A large instrument called the Dumbirah or Dambura--something like an Italian mandola--was produced which was handsomely carved and inlaid in silver. It had three strings, two of which were played as bass; on the third the air was twanged in double notes, as the thumb and first finger are held together, the first finger slightly forward, and an oscillation is given from the wrist to the hand in order to sound the note twice as it catches first in the thumb then in the first finger. The effect obtained is similar to that of the Occalilli of Honolulu, or not unlike a mandoline, only with the Beluch instrument the oscillations are slower.
The movement of the favourite Beluch melodies resembles that of a Neapolitan tarantella, and these airs are generally more lively than melodies of most other Asiatic people. Endless variations are made on the same air according to the ability and temperament of the musician. The notes of the two bass strings of the instrument are never altered, but always give the same accompaniment on being twanged together with the violin string on which only the actual melody is picked out.
There is then the Soroz, a kind of violin made of a half pumpkin, which forms the sounding board, and a handle to it with four keys and four strings. It is played with a bow of horsehair.
The other instruments in use are the Seranghi, a kind of superior violin such as the two central ones represented in the full page illustration. It has no less than fourteen keys, is hollow and uncovered in its upper portion, but has a skin stretched in the lower half of its sounding case. It is also perforated underneath and is played with a bow called gazer.
The Rabab is a larger wooden instrument of a somewhat elongated shape, and its lower portion is also covered by a tight sheepskin--the remainder of the uncovered wood being prettily inlaid with silver and bone. This instrument is twanged with the fingers and has eighteen killi or keys, twelve with metal strings and six with gut strings.
The Surna, or flute, is made of bamboo with a brass funnel. The mouthpiece is very ingenious, made of crushed cane fastened into a cup which is firmly applied to the lips, thus preventing any wind escaping at the sides. It certainly gives a very piercing sound when played loud.
The Dohl, or drum, was also of wood with sheepskins drawn tight at the two ends while wet, rolled up all round the rims of the apertures, and kept in position by leather strips.
Besides these the Beluch shows much ingenuity in improvising musical instruments to accompany his songs, out of any article which will give some sound, such as his rifle rod, which he balances on a bit of string and taps upon with the blade of his knife, or two pieces of wood which he uses as castanets, and, failing all these, snapping his fingers and keeping time with the melody.
There is a certain weird, barbaric charm in Beluch melodies, and, unlike the Persian, the Beluch possesses a very keen ear, in fact, a thorough musical ear, even according to our rules of harmony. To an unthoughtful European there may indeed be a certain monotony in Beluch melodies, but never a grating discord which will set one's teeth on edge.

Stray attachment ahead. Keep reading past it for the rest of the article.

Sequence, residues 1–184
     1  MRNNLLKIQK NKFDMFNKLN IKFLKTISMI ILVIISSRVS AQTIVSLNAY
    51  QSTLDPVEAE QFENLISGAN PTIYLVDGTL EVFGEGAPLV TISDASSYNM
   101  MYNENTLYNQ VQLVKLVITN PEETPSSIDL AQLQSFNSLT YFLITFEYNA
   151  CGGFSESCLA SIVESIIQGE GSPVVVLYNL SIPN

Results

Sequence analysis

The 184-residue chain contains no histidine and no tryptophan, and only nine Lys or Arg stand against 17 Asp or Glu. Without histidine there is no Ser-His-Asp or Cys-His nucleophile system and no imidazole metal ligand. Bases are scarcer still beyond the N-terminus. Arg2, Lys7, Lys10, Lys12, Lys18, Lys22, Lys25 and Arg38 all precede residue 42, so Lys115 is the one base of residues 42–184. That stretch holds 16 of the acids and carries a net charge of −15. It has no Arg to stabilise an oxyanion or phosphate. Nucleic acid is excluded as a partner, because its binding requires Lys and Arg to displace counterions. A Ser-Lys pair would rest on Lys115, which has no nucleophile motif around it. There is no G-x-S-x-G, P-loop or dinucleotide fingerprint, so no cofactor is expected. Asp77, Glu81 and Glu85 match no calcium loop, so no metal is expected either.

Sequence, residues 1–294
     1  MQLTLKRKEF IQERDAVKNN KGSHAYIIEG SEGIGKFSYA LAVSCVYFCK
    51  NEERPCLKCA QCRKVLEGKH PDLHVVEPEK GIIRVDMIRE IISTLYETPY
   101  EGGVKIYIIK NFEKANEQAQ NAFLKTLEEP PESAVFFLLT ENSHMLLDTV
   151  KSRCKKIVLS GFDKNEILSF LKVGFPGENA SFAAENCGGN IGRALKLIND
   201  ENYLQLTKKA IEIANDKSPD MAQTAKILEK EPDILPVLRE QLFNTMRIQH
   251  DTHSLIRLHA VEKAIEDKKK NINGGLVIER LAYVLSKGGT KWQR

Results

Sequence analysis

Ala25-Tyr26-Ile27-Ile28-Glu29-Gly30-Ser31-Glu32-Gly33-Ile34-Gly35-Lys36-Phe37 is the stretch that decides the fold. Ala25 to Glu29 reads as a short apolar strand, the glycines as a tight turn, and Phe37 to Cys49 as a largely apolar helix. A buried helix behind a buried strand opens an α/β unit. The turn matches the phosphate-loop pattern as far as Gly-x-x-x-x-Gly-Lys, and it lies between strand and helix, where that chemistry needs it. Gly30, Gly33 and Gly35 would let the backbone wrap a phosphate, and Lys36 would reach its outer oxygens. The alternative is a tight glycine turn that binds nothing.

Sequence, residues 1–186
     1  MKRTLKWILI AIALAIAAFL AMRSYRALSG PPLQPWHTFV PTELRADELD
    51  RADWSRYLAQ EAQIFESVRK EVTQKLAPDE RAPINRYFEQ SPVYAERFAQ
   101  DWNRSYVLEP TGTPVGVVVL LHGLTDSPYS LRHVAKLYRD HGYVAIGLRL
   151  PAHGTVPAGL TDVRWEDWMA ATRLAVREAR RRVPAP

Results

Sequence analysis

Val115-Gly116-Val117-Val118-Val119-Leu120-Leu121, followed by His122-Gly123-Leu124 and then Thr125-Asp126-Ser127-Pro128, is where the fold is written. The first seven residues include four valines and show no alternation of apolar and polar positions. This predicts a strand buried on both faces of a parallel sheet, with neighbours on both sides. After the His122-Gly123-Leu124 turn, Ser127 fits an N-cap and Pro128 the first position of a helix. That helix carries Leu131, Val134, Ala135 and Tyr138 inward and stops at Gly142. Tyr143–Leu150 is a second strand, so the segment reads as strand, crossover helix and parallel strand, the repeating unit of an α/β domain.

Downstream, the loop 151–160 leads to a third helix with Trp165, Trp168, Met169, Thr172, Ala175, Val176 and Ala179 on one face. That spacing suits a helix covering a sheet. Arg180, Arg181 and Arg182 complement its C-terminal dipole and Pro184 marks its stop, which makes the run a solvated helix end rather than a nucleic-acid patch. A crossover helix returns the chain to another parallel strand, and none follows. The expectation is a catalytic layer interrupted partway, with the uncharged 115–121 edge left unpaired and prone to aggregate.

Monotony in music, or rather, a repetition of the same melody until it becomes monotonous, is, rather than otherwise--if one comes to think of it--a fault on the right side, for if a melody is repeated time after time it means that the people themselves like it and appreciate it. There is no doubt that anybody with an unspoilt musical ear rather fancies listening over and over again to a melody which appeals to him--and we need not go as far as Beluchistan to be convinced of this--for we ourselves have been known to take fancies to songs of so high a standard as Ta-ra-ra-boom-de-ay, The Honeysuckle and the Bee, &c., and we hum them while soaking in our morning tub, we whistle them as we go down to breakfast, we strum them on the piano after breakfast, we hear them rattled outside by a barrel organ, as many times as there are forthcoming pennies from windows, while we are having lunch, we hear them pathetically sung at afternoon parties by hired entertainers, bands play them in the restaurants during dinner, and we hear them in the theatres, in music halls, and everywhere,--so that we cannot very well blame others for the monotony of their melodies since we largely follow the same course as theirs.
The Beluch plays and sings because it gives him real pleasure, and he is quite carried away by his music. Certain notes and combinations of notes, especially such as are very high and shrill, but in good tune, seem to go straight to his heart, and he revels in them. When singing, therefore, he prefers to sing in falsetto--as high as the furthest strain of his voice permits--and having worked himself into a semi-dazed state gradually descends to low deep notes, which by contrast appeal to him and not only give balance and character to his melody but produce quite a good harmonious effect. The low notes, however, are never ejaculated, but hummed, almost buzzed, with a vibration in the voice which is most melodious. The sound is like an indefinite letter U.